Reserves in the underground storage of Austria - 7 billion cubic meters. m - should also be enough, says Alexander Sobko, an analyst at the energy center of the Skolkovo business school. Annual consumption in the country is only 9 billion cubic meters. m, he recalls.

Significant impact on the export of Gazprom, the accident will not have, suggests Sobko. "This will depend on how long the repair work will continue and how much of the transit volumes can be restored in the shortest time," the expert points out. "If countries with supply problems will take more gas from the storage facilities, and repairs will not last long, Gazprom may compensate temporary export volumes due to additional injection of gas back into the UGS."

"Even if it is very conservative to assume that within two weeks Gazprom's supplies to the region will be minimal, the accident will cost Gazprom no more than 1.5 billion cubic meters. m of gas per year, "Marinchenko said. - Not very significant in comparison with the plans to deliver [for export] 192 billion cubic meters. m in 2017 ". The possible loss of volumes can be compensated by the price increase, which in the most important hubs can be slightly above the normal level until the consequences of the accident are eliminated, believes Marinchenko.

The accident caused a rapid rise in prices for gas hubs in Europe. On the Italian PSV, the cost of gas grew threefold last night and reached $ 996 per 1000 cubic meters. m. For comparison: in the evening before the accident, trades closed at $ 292 per 1000 cubic meters. The rise in prices for the German TTF and the British NBP was more moderate.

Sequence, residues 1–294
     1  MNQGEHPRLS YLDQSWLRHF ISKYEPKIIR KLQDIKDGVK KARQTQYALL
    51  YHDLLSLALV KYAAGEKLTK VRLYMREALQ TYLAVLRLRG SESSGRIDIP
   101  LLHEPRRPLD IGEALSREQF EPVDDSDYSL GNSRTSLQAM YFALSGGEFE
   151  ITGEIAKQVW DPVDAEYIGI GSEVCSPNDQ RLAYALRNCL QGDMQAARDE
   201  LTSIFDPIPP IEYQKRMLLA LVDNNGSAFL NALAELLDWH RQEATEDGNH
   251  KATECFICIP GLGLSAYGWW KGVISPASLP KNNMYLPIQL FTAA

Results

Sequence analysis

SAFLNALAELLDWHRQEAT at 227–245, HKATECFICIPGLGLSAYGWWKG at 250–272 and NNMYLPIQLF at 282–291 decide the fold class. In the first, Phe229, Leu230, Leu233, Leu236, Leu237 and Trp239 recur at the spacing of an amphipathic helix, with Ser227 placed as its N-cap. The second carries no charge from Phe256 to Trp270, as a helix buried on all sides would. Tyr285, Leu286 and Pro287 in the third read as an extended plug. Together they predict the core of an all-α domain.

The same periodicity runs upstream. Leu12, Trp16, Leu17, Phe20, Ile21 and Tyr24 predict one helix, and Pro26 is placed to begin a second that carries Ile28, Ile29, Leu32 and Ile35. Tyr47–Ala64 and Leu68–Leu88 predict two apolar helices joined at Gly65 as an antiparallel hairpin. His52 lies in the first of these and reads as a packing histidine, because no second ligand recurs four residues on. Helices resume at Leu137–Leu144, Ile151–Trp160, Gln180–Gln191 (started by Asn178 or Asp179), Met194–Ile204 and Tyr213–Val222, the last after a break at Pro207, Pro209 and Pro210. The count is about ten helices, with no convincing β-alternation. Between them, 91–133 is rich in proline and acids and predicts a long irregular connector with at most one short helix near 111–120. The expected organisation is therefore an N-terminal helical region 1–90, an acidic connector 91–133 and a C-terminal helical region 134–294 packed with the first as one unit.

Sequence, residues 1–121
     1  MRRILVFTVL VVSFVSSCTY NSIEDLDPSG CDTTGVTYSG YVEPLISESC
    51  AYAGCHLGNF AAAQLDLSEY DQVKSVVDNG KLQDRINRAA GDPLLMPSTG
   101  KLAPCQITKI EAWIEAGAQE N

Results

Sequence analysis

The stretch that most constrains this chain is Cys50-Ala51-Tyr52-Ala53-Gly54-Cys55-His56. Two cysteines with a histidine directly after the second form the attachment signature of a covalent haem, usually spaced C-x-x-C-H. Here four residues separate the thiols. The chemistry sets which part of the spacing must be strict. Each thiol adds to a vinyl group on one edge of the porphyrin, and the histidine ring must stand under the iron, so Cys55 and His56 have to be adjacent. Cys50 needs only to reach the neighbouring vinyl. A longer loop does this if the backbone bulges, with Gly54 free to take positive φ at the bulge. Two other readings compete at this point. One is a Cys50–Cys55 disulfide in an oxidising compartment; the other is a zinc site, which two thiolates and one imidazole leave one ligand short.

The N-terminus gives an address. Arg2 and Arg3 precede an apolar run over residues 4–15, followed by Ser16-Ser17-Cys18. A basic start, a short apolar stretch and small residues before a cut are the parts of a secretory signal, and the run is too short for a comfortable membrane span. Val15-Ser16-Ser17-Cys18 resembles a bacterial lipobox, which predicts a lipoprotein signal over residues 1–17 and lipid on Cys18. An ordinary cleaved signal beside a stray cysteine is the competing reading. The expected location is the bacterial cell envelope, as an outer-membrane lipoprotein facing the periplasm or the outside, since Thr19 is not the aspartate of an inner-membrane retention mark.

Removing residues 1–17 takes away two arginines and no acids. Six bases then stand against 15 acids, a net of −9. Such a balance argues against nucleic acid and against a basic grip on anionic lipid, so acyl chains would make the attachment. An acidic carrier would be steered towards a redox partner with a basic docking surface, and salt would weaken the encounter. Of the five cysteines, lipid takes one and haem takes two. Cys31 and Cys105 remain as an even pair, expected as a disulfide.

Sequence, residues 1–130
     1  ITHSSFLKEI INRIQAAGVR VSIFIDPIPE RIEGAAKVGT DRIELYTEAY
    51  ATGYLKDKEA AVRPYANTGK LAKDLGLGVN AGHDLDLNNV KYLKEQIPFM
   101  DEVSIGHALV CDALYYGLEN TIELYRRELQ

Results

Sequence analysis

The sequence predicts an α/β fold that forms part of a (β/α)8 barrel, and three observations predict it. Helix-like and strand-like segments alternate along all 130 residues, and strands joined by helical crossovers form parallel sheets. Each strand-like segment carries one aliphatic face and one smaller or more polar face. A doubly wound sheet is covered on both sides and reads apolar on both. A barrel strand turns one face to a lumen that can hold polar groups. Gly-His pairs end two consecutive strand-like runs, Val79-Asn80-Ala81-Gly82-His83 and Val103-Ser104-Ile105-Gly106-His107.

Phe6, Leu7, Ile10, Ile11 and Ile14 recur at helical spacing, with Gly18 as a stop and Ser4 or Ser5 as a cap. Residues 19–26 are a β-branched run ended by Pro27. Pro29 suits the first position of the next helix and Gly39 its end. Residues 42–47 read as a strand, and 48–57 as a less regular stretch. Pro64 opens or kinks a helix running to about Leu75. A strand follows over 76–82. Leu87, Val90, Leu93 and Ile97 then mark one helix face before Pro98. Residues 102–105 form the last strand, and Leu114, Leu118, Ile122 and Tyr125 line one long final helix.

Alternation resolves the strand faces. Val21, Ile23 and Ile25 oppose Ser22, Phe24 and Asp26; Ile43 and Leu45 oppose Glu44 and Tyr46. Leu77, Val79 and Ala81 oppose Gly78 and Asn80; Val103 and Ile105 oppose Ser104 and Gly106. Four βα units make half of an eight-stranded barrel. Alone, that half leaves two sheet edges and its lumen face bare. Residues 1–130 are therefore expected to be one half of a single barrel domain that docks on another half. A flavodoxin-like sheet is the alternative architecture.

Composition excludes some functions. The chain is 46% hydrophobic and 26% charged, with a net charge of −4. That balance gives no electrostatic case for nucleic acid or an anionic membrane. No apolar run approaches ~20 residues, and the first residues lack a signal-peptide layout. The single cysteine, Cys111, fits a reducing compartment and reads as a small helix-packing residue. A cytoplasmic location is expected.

The disruption of such an important infrastructure component will lead to higher prices, but it is unlikely to be avalanche-like, if we talk about the main hubs, Marinchenko believes. NBP at the end of the day was trading at about $ 330 per 1,000 cu. m against $ 310 the previous evening. But during the day, the spot price exceeded $ 400, Marinchenko said. "Despite the fact that the situation is complicated, Europe should be able to compensate for the supply constraint by reorienting the flows, taking gas from underground storage facilities and increasing the purchases of LNG," the expert believes.

A much more important impact of the accident could be on the discussion of the construction of new pipeline projects of Gazprom - Nord Stream 2 and Turkish Stream.

Up until the last moment, the representatives of the European Commission said that Europe does not need the construction of new gas pipelines. "The explosion in Austria, which put the largest gas hub in Europe out of action, will be a very convincing argument in favor of supporters of the construction of the Nord Stream-2, primarily Gazprom," Marinchenko assured. In addition, the position of those who support closer integration of the European gas market, including the construction of interconnectors, gas storage facilities and terminals for receiving LNG, will be strengthened, the expert believes. "After such incidents, it becomes clear that there is no extra gas infrastructure," Marinchenko said.

Additional arguments from Gazprom may appear sooner regarding the construction of the second thread of the Turkish Stream, Sobko disagrees. Deliveries of gas through the Nord Stream-2 to the south of Europe are unprofitable, he points out. Sobko does not rule out that the accident could be the reason for increasing the LNG share in the EU's gas imports.